Storm Event

“At Chepstow, the water rose 70 feet”

Severity ? 4


No known sources of information.


No known sources of information.

Receptor and Consequence

This event was associated with coastal flooding in the Bristol Channel, effecting areas of Somerset, Gloucestershire and Monmouthshire (Lowe, 1870). The effects of the high tide – the height of which rose to within 4 or 5 inches of that of the Great Storm in 1703 – were exacerbated by rain and hail. The force of the waves destroyed 200 yards of sea wall and a public house in Bristol; the damage came to £100,000 for the whole city. In Redwick (Monmouthshire) and surrounding areas, 800 sheep drowned, adding to those lost at Highbridge. A further 130 cattle perished in Chepstow, where the damage came to £8000.

Summary Table

Loss of life *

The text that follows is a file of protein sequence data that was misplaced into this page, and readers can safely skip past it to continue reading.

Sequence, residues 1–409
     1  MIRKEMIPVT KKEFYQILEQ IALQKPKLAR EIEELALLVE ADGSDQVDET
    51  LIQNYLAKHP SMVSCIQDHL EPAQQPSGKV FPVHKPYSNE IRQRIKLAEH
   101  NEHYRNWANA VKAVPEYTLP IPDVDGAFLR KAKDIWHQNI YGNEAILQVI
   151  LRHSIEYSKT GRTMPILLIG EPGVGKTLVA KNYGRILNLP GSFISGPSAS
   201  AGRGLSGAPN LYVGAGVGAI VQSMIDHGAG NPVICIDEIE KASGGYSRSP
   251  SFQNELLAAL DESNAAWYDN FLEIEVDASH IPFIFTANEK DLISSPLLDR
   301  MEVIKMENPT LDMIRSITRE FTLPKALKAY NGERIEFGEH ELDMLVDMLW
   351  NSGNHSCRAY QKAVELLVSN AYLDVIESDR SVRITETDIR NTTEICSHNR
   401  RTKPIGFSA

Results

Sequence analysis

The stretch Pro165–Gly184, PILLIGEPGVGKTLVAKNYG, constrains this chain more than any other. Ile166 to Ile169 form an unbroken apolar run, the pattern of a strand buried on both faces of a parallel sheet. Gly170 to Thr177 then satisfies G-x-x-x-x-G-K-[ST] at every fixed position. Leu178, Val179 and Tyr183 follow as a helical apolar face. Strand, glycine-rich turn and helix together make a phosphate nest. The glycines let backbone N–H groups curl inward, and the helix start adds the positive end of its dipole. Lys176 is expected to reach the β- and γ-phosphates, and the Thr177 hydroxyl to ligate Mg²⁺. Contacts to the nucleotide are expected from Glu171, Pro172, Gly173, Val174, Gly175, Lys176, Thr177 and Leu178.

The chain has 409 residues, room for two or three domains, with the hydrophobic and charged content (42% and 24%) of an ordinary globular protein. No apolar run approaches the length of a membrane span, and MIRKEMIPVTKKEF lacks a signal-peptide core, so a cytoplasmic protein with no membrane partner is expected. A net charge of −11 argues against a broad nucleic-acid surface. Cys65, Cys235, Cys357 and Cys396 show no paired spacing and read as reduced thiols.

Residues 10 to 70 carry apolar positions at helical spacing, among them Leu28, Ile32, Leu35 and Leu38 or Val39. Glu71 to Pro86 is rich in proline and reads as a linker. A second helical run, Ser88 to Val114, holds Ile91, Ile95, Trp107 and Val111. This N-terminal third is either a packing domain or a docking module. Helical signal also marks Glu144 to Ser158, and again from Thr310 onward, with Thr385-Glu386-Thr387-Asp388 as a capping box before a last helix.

Residential property Houses inundated in Bridgewater
Evacuation & Rescue *
Cost £100,000 worth of damage in Bristol; £8000 worth in Chepstow
Ports *
Transport *
Energy *
Public services *
Water & wastewater *
Livestock Over 800 sheep and 130 cattle drowned
Agricultural land Hundreds of acres of farmland submerged at Highbridge
Coastal erosion *
Natural environment *
Cultural heritage *
Coastal defences 200 yards of sea wall demolished

*No known sources of information available


  1. Lowe, E. J. (1870). Natural Phenomena and Chronology of the Seasons.London: Bell and Dalby. Available at: